It is also price noting, back in late 2022, Apple not uses physical SIM cards in any of their newly launched products. As an alternative, they’re deploying electronic SIM cards often known as an eSIM. Thankfully, eSIM cards are somewhat less vulnerable to hackers in relation to the specter of SIM swapping. Crooks and scammers can not claim their SIM card is lost. Nonetheless, like all technology, it remains to be sadly possible to hack an eSIM card. With that in mind, it is vital to be looking out for any tell-tale signs that your SIM card could have been hacked – period.

ARE HACKERS IN YOUR PHONE? HERE’S HOW TO FIND OUT

Photo of a woman presumably trying to access her phone after her SIM card was hacked.

Photo of a girl presumably attempting to access her phone after her SIM card was hacked.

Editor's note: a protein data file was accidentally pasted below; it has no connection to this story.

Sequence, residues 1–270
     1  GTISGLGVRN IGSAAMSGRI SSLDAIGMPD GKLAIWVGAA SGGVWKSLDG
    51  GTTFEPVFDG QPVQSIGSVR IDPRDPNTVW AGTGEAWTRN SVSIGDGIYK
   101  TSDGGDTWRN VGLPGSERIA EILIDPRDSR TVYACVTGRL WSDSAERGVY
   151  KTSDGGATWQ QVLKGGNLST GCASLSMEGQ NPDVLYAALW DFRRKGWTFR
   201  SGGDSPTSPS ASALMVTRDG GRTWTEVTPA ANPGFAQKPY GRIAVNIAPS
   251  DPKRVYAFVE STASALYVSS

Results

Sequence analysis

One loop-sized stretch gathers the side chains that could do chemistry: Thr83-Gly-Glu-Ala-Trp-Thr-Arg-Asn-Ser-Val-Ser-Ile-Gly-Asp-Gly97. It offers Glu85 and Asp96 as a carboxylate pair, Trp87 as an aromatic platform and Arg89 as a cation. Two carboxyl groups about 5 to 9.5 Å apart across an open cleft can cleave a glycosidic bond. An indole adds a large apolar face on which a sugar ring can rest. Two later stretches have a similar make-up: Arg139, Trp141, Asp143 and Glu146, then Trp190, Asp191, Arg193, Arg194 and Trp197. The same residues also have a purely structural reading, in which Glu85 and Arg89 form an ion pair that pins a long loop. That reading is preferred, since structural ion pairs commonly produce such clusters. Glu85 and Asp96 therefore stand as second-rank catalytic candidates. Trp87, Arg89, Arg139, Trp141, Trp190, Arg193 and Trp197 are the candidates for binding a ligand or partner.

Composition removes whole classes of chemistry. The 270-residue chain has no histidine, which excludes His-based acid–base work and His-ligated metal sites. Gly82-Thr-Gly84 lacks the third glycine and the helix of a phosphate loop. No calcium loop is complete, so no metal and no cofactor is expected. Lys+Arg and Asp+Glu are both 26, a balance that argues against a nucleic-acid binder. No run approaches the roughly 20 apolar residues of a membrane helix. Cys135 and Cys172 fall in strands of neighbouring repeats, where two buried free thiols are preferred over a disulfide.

(Fox News)

How will I do know If My SIM card has been hacked?

As mentioned above, there may be some cold comfort that will be taken within the proven fact that it is amazingly easy to find out whether your SIM card has been hacked.

You are not receiving calls or texts

Phone numbers can only be related to one SIM card, so in case you are the victim of SIM cloning or swapping, you will not receive any recent calls or texts. Have a friend call or text you, and if the decision or text comes through, then there isn’t a possibility that your SIM card has been successfully cloned or swapped.

Outgoing calls or texts to unknown numbers

When checking your phone bill and also you see several calls or texts made to numbers you do not recognize, that leaves open a really real possibility that your SIM card has been hacked. Immediately contact your service provider to get more information regarding these calls.

Messages telling you to restart your device

When you get a random text message telling you to restart your device, seeming to be out of your service provider, it’s greater than likely a scam artist. They may not find a way to finish cloning or swapping your SIM card unless you restart your device. Service providers won’t ever contact you instructing you to restart your device, so in case you do get such a message, best to call them immediately.